L is for Law is a new picture book aimed at demystifying legal concepts for kids.
L is for Law is a colourful introduction to the language of law for children of 0 – 5 years old. Author Veronica Goodman, features a legal term for each letter of the alphabet. Explaining her motivation behind the picture book, Goodman, who has also authored E for Economics, told Legal Cheek:
“I’m not trying to inspire an army of two-year-old lawyers — although toddlers can be very persuasive! I wrote the book to give lawyer parents and their children a new and entertaining way to connect and spend time with each other, while also teaching an important concept — the alphabet.”
Nicole Jones Sturk designed and illustrated the 32-page book, which includes relatable and entertaining designs.
But this isn’t the first legal-themed children’s book – The Supreme Court: A guide for bears, created by Isobel Williams, is a short picture book designed to serve an easy-to-read introduction to the Supreme Court and its function.
Lady Hale may also be the subject of a new children’s book, thanks to a summer crowdfunding appeal. The book, Judge Brenda: Equal to Everything tells the story of a girl raised in the North Yorkshire countryside who went on to become President of the Supreme Court. The crowdfunding appeal, backed by Legal Action Group (LAG), has already raised £11,500.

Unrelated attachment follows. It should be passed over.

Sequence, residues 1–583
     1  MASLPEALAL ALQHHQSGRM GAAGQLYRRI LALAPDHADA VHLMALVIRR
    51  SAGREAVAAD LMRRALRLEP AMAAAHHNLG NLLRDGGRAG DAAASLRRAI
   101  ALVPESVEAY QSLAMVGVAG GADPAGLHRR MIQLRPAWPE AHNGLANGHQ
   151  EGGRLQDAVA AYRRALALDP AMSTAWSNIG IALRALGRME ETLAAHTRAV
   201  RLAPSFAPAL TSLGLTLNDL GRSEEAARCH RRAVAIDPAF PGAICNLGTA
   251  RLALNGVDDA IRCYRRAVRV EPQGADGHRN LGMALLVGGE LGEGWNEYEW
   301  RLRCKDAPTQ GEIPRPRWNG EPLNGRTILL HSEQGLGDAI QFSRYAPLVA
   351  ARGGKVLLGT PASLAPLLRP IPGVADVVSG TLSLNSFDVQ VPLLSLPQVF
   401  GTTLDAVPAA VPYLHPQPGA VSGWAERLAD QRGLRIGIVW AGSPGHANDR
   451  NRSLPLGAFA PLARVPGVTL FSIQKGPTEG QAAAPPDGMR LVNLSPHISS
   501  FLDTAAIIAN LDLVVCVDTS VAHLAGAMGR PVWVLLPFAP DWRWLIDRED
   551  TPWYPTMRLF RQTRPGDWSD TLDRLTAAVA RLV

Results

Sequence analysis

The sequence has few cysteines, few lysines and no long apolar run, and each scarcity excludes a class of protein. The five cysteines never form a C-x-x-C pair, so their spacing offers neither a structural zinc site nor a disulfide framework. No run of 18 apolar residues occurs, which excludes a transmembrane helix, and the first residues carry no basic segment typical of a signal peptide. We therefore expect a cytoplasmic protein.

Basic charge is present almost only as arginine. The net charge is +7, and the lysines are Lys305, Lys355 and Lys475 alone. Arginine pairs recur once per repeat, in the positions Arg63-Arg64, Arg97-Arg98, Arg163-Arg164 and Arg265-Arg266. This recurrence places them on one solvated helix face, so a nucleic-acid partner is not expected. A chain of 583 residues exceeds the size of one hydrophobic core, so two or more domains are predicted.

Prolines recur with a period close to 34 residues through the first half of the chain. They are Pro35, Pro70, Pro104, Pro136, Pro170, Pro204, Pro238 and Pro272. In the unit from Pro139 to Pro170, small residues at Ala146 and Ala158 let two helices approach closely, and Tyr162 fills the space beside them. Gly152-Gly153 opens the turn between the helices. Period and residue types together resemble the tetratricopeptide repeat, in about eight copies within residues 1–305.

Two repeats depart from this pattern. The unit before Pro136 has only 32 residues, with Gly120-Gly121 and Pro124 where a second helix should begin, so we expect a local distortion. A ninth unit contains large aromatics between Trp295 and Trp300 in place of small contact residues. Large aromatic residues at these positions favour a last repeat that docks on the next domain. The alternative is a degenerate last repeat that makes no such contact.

L is for Law can be purchased on Amazon, and is available for download on Kindle.
In a gender equality milestone, two male and three female justices will hear a case next month. For the first time in legal history, a Supreme Court case will be sat by a female majority. Three of the five judges hearing the case of Re D on 3 October will...
An Open University (OU) first-year law student has run up a costs bill of £8,000 after attempting to sue six other students for alleged defamation. The student, Samantha Exley, joined the OU’s online forum in 2017. Exley claimed she was “a practising...
Lawyers are some of the most hardworking people out there. They put in many more hours of work compared to those in other professions. In fact, what you might see on TV, like lawyers relaxing, chatting and enjoying lunch with clients, is not realistic. The...